“Our experience in markets across the globe is that the move to retire 3G is well underway,” says Michael Wallon, VP APAC & ANZ, Quectel Wireless Solutions, which as a global IoT solutions provider offers a wide portfolio of modules that provide attractive alternatives. “The pace at which this is moving depends substantially on individual market dynamics and regulations. In many markets, the benefits of freeing up spectrum currently used for 3G outweigh 3G’s remaining appeal to customers.”

“The retirement of 3G, which has been underway for several years, can be seen to provide an opportunity to move to a different, more efficient connectivity technology and Quectel has modules available to support the smooth migration of projects to other technologies. The latest range of modules offers greater efficiency, lower power consumption and can be accommodated in the same form factor as 3G modules for example” says Wallon.

“We see the 5G family in its widest sense ranging from Narrowband-IoT through Cat-M1 connectivity and ultimately to ultra-low latency, very high connection density 5G as offering more choice and greater efficiency for IoT use cases,” adds Wallon. “Certainly, we have developed our module portfolio with this in mind so we offer the most comprehensive portfolio of NB-IoT, Cat-M, 4G and 5G modules that can support the market’s migration as 3G sunsets gather speed. We’re ready to help customers in their product selections to help them optimize their devices for the next generation of IoT.”

Ultimately, the most impacted party is the customer. We checked in with a few customers to get a view of the progress they are making in their transition away from 3G, understand what benefits they have realised from making the change.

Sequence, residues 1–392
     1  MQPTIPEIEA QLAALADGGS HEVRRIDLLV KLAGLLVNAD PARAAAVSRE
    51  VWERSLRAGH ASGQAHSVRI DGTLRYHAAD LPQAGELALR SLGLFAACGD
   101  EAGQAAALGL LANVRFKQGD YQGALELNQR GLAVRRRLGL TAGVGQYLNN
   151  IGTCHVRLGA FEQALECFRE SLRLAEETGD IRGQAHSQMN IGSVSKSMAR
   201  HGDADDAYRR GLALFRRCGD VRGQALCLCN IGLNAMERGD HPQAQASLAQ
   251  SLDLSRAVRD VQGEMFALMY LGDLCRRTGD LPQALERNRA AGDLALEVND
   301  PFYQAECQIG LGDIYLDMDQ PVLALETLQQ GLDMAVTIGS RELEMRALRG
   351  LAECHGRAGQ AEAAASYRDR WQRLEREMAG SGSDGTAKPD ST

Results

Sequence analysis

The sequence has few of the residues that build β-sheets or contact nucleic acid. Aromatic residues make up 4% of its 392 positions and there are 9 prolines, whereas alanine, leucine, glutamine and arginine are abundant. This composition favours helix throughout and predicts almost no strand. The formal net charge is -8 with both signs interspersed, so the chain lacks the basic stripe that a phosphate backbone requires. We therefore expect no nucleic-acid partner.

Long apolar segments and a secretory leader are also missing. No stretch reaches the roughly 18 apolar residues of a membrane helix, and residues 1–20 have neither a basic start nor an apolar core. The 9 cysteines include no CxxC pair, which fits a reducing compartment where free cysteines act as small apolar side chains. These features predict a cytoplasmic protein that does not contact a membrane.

“The transition from 3G to 5G IoT technologies, such as Cat-M1 & NB-IoT, allows our customers to accelerate the adoption of better, more efficient digital technologies for a sustainable future,” explains Rumil Arada, Product Manager, Asia Pacific, Landis+Gyr. “By leveraging these newer technologies, Landis+Gyr has developed innovative products and future-ready solutions, enabling seamless migration from 3G to Cat-M1 and NB-IoT technologies, thus allowing customers to take advantage of these technologies much earlier.” 

Demonstrating the long-term strategic thinking that is necessary to ensure successful migration, Landis+Gyr was, in 2017, one of the first organisations to utilise Telstra’s Cat-M1 network capabilities for its smart meter and smart grid applications. “Compared with 3G, Cat-M1 and NB-IoT technologies are more efficient, consume less power and [are] lower cost, for example for the modem. This ultimately leads to better business and environmental outcomes,” adds Arada. 

We know that there are many other examples of customers successfully completing or being in advanced stages of implementing their migration plans and we look forward to hearing more from them in the coming months. Telstra’s team remains available to assist with any questions you may have. To discuss your specific needs please contact our 3G Migration team 3GEnterpriseMigration@team.telstra.com

For more information about the 3G closure, visit https://www.telstra.com.au/business-enterprise/support/3g-service-closure

Previous articles:

For coverage mapping/updates please go to Telstra’s IOT coverage maps

3G Migration team

For any additional support or guidance, please contact our 3G Migration team

Send an email